Starting Rehearsals

Last Monday, Krissy and I started rehearsals, and we are off to a great start.

Magicians like to distinguish between practice and rehearsals. Practice, they say, is the process of learning how to perform an effect perfectly, and rehearsal is learning how to present the effect. The very technical nature of Magic makes this distinction useful.

I like to define things a little differently and prefer to think of show development as an overlapping multi-part approach:

Workouts:
Workouts are the very fundamental sleight of hand techniques, or general postures, or memorization, or whatever that can usually be done without any special preparations. Ideally, just for a few seconds at a time. I might, for example, grocery shop with a coin in my hand, producing it and vanishing as I go. Workouts train the muscles and the brain to execute without conscience attention. Workouts are not necessarily part of rehearsal; they are the daily life of a magician.
Brainstorming
Brainstorming is a time set aside to let the imagination flow. Sometimes, it is as simple as using my floor-to-ceiling whiteboard to scribble ideas. Other times, I brainstorm with pen or pencil on paper at the mall or the coffee shop. My favorite method is to just sit among my props and other cool objects and just play with them. Brainstorming continues throughout the development of the show, not just at the beginning.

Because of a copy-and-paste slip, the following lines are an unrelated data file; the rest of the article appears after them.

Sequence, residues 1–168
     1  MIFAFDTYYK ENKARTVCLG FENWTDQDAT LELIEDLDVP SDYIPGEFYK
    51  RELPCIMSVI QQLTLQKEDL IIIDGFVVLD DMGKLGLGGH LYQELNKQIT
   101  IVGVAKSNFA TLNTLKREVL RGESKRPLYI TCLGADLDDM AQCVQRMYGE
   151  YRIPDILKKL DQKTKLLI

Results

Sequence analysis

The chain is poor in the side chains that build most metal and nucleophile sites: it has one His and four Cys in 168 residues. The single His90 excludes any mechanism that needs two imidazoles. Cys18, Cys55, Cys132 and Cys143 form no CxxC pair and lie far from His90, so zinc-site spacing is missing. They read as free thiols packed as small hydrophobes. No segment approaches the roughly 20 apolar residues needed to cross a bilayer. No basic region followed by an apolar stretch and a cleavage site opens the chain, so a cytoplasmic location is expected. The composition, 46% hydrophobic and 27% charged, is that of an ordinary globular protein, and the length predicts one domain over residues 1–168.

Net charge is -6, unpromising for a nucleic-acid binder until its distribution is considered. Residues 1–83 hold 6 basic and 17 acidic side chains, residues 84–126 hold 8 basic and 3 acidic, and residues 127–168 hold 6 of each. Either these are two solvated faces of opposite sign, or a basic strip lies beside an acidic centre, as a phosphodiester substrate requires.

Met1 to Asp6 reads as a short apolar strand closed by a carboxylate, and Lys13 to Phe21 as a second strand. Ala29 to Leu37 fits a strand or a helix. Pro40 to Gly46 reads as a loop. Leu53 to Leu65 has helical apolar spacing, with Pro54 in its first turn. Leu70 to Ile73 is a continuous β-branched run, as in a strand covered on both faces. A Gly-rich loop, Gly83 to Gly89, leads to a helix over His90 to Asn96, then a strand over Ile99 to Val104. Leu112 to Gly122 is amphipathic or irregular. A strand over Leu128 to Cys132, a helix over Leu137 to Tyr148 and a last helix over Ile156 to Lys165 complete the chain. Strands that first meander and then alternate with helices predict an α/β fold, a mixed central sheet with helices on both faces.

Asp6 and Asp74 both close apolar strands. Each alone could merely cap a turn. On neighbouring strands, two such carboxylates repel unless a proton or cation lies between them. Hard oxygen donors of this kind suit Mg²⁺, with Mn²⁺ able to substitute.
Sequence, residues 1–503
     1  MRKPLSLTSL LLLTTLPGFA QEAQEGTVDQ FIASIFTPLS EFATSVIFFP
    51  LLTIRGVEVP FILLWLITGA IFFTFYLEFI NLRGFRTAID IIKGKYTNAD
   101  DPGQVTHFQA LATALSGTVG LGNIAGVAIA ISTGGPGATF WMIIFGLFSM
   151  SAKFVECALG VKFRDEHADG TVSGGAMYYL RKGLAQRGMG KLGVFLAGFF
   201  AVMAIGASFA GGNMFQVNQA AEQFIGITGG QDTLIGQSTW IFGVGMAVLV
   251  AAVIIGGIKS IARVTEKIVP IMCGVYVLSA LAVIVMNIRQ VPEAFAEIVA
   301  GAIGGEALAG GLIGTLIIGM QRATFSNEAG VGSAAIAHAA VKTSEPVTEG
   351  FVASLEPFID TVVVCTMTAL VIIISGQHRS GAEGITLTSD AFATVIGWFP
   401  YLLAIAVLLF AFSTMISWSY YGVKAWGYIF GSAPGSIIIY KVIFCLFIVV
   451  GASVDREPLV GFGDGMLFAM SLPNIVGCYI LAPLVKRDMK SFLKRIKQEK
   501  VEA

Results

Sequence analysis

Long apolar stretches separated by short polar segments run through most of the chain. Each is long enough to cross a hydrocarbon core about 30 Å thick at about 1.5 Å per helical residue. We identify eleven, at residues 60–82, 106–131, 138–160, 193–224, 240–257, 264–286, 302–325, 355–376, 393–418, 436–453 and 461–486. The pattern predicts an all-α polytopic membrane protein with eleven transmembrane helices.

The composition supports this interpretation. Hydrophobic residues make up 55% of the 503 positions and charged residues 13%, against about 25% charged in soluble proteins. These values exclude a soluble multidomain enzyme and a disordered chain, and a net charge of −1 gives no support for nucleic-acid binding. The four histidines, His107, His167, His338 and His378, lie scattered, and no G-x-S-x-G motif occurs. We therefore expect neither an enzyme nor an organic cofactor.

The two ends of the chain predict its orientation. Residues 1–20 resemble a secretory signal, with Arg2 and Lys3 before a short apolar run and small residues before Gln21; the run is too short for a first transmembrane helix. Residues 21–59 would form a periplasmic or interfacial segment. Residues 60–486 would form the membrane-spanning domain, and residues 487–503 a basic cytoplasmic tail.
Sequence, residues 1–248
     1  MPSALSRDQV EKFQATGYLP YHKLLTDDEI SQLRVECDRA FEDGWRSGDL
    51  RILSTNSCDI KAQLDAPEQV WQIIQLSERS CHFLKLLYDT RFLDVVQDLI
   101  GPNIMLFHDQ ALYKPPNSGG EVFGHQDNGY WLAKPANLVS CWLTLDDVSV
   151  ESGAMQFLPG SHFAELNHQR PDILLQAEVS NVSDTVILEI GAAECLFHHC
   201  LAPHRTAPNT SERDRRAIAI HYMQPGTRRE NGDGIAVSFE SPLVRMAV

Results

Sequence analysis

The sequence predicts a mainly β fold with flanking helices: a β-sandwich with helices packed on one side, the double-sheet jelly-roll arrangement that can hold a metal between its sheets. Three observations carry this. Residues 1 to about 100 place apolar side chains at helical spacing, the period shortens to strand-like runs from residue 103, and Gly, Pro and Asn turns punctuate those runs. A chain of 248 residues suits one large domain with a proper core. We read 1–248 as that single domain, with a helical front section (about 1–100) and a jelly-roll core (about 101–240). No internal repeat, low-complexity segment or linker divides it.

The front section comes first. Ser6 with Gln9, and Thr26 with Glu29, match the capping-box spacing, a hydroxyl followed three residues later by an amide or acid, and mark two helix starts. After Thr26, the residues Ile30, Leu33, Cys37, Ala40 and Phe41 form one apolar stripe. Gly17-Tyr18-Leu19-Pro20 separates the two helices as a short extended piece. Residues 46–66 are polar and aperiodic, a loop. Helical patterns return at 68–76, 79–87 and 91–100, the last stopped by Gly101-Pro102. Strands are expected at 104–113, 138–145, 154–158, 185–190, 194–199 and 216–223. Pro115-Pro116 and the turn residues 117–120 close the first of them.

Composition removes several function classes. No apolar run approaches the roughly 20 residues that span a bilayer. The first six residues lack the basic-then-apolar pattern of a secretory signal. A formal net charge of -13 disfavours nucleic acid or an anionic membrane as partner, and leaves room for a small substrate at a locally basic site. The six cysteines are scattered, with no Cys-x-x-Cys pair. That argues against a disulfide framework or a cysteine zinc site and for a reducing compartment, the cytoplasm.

Class
This is my name for what most magicians call practice: the learning of new magic techniques. I borrow the word class from the traditions of Ballet. In Ballet, class is where young dancers learn the basics and experienced dancers warm-up for the day of dancing (This is, of course an over simplification). The key is that every dancer attends class. I like to think of magic class as a place to learn. Magic class is the place to refine performance. And I think it is an essential activity before every rehearsal.
Rehearsal
Rehearsal focuses on presentation with an important limitation: No Stopping. Early rehearsals have no stopping during effects, but, over time, the no stopping rule extends to routines, segments and then the whole show. Everything in rehearsal is real: Real liquids, real streamers, real fire! I seek to create the most realistic live performance conditions, so that we can discover all the things that might go wrong, before we perform for you.

These short descriptions cannot do justice to the many aspects of creating a show, but they are a good place to start. Not only are these phases described in broad strokes, but we haven’t even discussed prop and illusion building, costumes, sets, sound, writing and more.

What aspect would you like to discuss?

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